With respect to the claims for deceit and fraud, it was held that those claims were distinct from the plaintiffs’ claim for negligent or fraudulent misrepresentation. The allegations of deceit and fraud concerned Sun Life’s ongoing conduct in administering the policies, long after the sales process during which MetLife made the alleged initial misrepresentations and the claims should not have been struck out.

The plaintiffs had also alleged that Sun Life entered into settlements with and obtained releases from class members without disclosing to them that their policies were sold on the basis of misrepresentation. They claimed that this was a breach of the duty of good faith and fair dealing and was also deceitful conduct. Those claims had been struck out on the basis that the pleadings did not reveal a cause of action and there was no representative plaintiff advancing a claim in respect of those allegations. The Court of Appeal held that the motions judge was correct to strike out those allegations because even though the plaintiffs had incorporated the claims regarding the releases and settlements into their duty of good faith claims and their deceit and fraud claims, they had not requested any specific relief in relation to policyholders who had entered into those agreements. The plaintiffs were given leave to add a claim for rescission or declaratory relief in relation to the releases.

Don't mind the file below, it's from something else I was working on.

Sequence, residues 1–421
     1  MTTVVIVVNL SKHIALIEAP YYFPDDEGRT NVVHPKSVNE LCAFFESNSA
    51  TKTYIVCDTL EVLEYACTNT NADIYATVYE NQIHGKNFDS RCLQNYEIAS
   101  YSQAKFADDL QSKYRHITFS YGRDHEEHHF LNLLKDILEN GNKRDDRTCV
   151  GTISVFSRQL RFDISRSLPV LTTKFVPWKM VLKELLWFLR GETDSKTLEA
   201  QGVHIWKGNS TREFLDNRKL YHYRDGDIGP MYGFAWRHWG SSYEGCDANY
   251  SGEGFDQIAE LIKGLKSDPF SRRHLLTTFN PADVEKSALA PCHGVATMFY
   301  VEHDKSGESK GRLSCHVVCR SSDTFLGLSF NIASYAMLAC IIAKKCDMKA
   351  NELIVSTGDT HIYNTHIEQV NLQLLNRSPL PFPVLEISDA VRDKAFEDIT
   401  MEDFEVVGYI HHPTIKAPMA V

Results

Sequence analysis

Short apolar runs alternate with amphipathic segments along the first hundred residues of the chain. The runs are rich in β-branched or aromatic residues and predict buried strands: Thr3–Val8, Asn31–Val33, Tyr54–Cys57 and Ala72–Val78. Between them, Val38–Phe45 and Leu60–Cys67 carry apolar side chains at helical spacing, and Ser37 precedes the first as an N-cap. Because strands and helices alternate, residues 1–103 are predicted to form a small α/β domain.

In the result, the plaintiffs were substantially successful in their appeal and the allegations concerning breach of the duty of good faith and fair dealing, breach of contract, and deceit and fraud were allowed to stand.